From a published listing about the poet, this information: Wheeler’s awards include the Witter Bynner Prize for Poetry from the American Academy of Arts & Letters, and fellowships from the John Simon Guggenheim Foundation and the New York Foundation for the Arts.
Wheeler has taught at the University of Iowa, NYU, Rutgers, and Columbia University, and is currently on the creative writing faculty at Princeton University. She has lived in the New York area for twenty years.
Additional information about the poet:
Bag ‘o’ Diamonds (University of Georgia Press, 1993)
Smokes (Four Way Books, 1998)
Source Codes (Salt, 2001)
Ledger (Iowa, 2005)
Assorted Poems (Farrar, Straus and Giroux, 2009)
Record Palace (Graywolf, 2005)

1       I found Robert Polito’s question in the 2005 interview published in Bomb magazine very good, and so we start with his question from that interview. His is a question that gets right to poetry and in this case the prose of your novel…:
RP: Record Palace re-creates Chicago so beautifully. Also jazz. Music is crucial to all your characters—your displaced art history student Cindy; record store owner Acie; and Acie’s son Bowtie. Is jazz—is music of any kind—also just as important for you?
Music is, and it was especially so for my novel since it was, in large part, about jazz. In my poetry, the sound is very important. I do borrow from other art forms. I’m most aware of it with visual art in, for example, thinking about the surface of a poem, as one might think about the surface of a painting. There is a strong drive in me for a counterpoint… I do try to modulate, to go back and forth and to vary a great deal.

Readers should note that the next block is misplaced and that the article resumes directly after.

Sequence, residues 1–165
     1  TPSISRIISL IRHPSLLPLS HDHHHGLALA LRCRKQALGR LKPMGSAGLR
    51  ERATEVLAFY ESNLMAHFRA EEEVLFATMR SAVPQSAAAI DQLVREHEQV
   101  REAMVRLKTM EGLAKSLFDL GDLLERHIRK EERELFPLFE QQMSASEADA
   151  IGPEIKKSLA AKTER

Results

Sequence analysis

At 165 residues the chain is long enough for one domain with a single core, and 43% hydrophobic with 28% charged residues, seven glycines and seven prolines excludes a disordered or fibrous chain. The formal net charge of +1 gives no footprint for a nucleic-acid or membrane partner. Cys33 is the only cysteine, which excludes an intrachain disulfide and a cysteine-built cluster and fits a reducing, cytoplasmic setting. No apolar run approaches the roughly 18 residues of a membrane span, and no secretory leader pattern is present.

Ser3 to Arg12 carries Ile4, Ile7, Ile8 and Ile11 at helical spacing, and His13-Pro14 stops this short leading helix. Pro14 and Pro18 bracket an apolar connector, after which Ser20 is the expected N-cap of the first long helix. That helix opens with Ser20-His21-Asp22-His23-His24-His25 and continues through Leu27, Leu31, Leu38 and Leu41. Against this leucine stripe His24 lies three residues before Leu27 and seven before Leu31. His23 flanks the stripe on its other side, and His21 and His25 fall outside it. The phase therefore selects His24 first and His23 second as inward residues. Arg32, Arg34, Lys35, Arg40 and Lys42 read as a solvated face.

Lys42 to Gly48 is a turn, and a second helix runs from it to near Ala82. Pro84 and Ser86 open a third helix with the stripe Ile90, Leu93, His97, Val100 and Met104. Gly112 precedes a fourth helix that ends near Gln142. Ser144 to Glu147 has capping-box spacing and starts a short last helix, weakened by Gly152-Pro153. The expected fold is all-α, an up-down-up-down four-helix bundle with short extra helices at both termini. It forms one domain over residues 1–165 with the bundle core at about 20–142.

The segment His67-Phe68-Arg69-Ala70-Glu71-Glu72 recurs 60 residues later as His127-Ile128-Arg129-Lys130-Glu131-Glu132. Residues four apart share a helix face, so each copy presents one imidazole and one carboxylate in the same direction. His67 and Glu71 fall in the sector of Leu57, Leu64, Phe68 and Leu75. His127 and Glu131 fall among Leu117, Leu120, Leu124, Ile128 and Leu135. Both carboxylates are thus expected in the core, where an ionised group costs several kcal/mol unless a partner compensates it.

As a poem that is directly involved with music, there is the poem, “Benny the Beaver: My Father’s Tale,”that’s simply a recounting of a record that I had as a child of a story with jazz music in the background. That’s in Assorted Poems.

Benny’s tail would only drum.
All day while fellow beavers drug

The tree limbs to the riverbank
Benny slapped his tail to bang

A beat on hollow logs,
Keen for external analogs

To the hums within his head.

(from “Benny the Beaver: My Father’s Tale”)

2    Of your works of poetry in published books, which of them do you as poet suggest a reader buy and read first? Or borrow from their local library? In this question, please give some sense in that work that will appeal to the Church going Christian, or even the poetry reader who is seeking a look at our modern world in the 21st Century through your special prism of voice. Especially, as this seeker may be trying to make sense of the kind of existential way that has been called Post Christian in today’s America. Will you allow us to excerpt a short example in your explanation of one of two of the poetry works in your suggested title that you respond about?